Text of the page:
As part of the EU-funded five-year “Micro Level Analysis of Violent Conflict” (MICROCON) research project, UNU-EHS has undertaken qualitative research on modern state-based mechanisms of water management and water governance as well as informal customary, non-state water management instruments and dispute settlement mechanisms at the local level. The project analyzed several types of water resource related conflicts in four countries in Sub-Saharan Africa. Cases were drawn from conflicts between competing groups of sedentary farmers, pastoralist-farmer conflicts, conflicts in settlements and conflicts due to (forced) resettlement as a result of large hydropower projects. This research gained knowledge on how ‘formal’ and ‘informal’ institutions shape water related (potential) violent conflicts and in what ways local governance (e.g. customary institutions and laws) can be linked analytically with national and international institutions for water management.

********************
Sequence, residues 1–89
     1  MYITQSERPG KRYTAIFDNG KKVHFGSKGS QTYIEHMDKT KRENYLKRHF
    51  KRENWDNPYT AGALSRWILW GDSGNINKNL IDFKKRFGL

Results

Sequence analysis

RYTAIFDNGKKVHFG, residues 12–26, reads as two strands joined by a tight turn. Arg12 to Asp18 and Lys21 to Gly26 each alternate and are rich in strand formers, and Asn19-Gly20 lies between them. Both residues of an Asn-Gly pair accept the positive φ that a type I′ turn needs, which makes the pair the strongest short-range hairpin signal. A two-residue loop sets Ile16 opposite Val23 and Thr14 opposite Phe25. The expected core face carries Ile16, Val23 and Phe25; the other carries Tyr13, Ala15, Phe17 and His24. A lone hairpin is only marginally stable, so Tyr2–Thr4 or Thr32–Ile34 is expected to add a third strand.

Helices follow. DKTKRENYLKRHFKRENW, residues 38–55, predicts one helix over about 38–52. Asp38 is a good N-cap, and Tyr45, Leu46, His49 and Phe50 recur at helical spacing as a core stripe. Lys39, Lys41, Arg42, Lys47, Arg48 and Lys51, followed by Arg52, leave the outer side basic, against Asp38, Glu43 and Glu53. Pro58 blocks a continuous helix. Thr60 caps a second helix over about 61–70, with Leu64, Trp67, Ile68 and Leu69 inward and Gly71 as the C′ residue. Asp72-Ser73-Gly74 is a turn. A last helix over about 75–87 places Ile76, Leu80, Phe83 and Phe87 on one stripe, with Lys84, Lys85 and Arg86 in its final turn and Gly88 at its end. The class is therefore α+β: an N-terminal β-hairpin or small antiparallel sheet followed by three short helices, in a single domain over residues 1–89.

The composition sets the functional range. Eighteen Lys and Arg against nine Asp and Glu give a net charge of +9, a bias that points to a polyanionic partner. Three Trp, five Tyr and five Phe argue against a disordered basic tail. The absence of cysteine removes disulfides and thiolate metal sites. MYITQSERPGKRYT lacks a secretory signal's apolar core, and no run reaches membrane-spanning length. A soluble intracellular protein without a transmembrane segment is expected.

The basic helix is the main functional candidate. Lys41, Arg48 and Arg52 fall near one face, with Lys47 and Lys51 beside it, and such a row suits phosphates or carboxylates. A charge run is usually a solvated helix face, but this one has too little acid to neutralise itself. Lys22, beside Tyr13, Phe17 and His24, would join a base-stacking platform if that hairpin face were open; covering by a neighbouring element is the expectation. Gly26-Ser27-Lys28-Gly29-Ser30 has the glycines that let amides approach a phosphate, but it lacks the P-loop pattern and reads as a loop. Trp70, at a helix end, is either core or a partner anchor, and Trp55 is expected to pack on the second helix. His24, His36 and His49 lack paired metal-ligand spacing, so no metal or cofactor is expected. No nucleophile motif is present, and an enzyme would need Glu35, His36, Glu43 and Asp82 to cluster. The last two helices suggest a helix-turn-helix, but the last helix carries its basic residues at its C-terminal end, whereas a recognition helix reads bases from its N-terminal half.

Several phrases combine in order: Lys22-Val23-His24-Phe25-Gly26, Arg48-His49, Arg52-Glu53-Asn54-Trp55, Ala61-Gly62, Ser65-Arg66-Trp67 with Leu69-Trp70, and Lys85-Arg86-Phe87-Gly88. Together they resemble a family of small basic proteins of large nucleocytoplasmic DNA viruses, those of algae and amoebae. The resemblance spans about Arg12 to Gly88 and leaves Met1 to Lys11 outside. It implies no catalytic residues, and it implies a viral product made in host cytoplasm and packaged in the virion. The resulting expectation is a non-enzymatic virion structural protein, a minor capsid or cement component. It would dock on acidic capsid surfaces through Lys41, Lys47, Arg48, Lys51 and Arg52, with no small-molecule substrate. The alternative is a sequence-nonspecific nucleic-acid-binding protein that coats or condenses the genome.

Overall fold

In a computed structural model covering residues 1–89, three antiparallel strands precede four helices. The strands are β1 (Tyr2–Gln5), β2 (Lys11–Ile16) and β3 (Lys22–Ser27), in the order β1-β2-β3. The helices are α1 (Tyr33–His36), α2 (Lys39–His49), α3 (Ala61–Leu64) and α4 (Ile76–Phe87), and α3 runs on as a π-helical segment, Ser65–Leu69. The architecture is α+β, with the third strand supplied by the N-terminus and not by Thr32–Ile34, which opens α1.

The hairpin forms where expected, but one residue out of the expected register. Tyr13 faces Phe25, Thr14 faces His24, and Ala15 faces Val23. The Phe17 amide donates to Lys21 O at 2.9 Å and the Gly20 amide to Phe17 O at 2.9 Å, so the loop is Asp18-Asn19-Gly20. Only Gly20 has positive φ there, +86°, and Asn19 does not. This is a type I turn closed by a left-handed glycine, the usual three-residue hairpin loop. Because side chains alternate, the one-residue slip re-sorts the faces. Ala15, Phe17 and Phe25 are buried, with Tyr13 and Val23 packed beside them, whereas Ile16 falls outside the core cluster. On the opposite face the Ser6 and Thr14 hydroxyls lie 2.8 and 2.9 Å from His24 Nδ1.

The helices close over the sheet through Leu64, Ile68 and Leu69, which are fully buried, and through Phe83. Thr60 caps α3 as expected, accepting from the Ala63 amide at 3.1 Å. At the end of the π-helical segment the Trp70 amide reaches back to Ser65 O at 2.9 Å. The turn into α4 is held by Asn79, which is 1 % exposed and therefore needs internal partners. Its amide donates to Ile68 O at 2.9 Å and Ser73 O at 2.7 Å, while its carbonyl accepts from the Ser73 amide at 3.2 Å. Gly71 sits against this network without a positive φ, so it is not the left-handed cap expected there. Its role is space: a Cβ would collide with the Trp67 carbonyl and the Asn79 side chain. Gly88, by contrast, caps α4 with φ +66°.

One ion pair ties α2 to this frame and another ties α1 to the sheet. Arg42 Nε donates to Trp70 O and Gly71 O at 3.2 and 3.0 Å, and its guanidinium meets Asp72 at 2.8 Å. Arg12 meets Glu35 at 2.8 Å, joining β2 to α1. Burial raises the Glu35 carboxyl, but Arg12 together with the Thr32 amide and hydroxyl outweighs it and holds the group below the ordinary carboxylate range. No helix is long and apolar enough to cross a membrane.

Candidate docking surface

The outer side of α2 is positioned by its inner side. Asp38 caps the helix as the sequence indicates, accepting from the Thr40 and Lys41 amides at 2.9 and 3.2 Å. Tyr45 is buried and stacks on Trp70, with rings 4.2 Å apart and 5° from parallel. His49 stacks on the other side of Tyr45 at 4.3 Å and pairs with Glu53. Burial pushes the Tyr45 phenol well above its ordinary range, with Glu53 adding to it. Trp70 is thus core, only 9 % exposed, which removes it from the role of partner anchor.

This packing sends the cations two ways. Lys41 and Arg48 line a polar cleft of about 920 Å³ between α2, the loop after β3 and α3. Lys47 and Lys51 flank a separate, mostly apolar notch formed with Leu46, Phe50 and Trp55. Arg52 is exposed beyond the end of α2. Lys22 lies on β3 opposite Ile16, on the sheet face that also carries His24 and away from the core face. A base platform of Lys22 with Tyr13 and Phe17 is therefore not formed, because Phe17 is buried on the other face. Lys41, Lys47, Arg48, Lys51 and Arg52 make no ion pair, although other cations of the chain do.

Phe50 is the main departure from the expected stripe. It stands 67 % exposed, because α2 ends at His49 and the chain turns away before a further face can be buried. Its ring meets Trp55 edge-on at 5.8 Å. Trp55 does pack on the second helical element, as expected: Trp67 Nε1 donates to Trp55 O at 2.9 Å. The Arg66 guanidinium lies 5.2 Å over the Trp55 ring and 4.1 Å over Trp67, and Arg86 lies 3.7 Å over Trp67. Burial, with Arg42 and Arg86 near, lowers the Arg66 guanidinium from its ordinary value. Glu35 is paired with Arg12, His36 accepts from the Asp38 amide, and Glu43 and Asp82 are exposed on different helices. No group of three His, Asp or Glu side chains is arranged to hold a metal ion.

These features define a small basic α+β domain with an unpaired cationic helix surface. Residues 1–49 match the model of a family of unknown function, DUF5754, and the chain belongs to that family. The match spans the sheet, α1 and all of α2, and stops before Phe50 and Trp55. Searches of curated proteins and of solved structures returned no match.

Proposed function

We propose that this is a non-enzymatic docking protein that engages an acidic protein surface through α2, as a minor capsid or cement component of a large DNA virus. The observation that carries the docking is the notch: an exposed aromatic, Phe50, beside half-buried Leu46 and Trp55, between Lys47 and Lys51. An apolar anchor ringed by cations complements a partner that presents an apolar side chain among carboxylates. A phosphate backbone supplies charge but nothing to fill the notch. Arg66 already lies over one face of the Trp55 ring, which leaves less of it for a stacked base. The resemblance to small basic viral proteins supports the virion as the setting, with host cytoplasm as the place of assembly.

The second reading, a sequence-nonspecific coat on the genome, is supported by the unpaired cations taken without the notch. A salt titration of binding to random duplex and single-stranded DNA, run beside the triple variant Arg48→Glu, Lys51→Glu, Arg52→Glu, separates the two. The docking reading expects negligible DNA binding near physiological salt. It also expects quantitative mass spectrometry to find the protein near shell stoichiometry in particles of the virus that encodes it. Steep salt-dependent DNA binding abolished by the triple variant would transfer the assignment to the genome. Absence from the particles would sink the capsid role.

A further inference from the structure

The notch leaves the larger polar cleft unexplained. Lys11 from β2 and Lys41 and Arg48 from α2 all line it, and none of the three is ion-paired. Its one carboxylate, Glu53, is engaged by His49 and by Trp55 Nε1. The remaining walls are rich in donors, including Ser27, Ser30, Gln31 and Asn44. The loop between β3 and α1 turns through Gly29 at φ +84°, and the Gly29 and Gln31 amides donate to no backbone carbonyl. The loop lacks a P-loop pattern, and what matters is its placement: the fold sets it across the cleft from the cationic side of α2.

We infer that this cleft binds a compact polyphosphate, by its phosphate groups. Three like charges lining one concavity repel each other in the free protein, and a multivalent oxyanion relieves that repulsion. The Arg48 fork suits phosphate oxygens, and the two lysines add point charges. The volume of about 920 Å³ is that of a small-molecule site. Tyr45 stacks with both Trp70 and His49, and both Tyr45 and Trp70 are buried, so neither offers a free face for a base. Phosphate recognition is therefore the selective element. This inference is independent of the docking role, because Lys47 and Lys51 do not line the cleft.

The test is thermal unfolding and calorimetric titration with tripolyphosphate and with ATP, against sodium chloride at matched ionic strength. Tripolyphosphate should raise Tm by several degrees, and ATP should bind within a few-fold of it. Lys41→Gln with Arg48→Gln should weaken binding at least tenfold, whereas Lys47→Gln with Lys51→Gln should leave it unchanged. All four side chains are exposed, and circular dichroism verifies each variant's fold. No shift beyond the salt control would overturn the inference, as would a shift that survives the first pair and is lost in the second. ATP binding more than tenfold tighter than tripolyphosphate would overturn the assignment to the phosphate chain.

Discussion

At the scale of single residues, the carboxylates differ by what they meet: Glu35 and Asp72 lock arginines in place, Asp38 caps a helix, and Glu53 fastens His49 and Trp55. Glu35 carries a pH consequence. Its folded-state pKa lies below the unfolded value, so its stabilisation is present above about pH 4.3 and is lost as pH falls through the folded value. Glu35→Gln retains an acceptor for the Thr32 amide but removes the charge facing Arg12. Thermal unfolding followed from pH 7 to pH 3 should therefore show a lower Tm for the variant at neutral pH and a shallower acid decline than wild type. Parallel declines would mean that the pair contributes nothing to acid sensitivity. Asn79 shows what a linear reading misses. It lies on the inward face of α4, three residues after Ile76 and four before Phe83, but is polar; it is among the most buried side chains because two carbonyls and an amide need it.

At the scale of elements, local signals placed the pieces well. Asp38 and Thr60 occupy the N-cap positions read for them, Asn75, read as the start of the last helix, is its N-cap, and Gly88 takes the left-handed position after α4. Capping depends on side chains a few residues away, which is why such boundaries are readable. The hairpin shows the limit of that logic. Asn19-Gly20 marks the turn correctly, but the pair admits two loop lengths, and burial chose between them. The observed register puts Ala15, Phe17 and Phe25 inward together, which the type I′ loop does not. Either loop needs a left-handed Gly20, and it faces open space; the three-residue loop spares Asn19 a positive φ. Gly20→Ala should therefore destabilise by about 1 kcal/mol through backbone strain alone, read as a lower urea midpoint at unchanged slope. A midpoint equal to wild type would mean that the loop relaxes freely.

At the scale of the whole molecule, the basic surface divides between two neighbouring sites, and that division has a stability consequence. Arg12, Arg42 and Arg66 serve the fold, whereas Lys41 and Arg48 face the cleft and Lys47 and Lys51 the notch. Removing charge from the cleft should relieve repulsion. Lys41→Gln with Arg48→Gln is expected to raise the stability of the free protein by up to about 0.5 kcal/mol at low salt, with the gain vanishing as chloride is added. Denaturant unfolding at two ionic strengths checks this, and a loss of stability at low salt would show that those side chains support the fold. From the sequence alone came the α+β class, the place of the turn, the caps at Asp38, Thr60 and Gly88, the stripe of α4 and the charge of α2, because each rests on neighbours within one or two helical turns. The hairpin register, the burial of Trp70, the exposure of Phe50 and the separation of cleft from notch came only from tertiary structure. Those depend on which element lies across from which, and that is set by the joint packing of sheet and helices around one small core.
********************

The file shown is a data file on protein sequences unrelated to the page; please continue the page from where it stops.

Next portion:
Location: Botswana, Okavango Delta; Lesotho, LHWP; Namibia, Southern Kunene region; Tanzania, Lake Eyasi region

Tags: conflict, peace and security, policy, vulnerability/risk, water governance, institutions, conflict prevention, customary law

From Water Law to the Human Right to Water

United Nations University Institute for Environment and Human Security (UNU-EHS)

Contact: Janos Bogardi

UNU-EHS contributed and co-sponsored the publishing of a publication in collaboration with UNESCO entitled Du droit de l’eau au droit à l’eau au Maroc et ailleurs (From Water Law to the Human Right to Water in Morocco and Elsewhere), UNESCO/Eddif/UNU/UNU-EHS, Casablanca, Morocco 2007 (French only).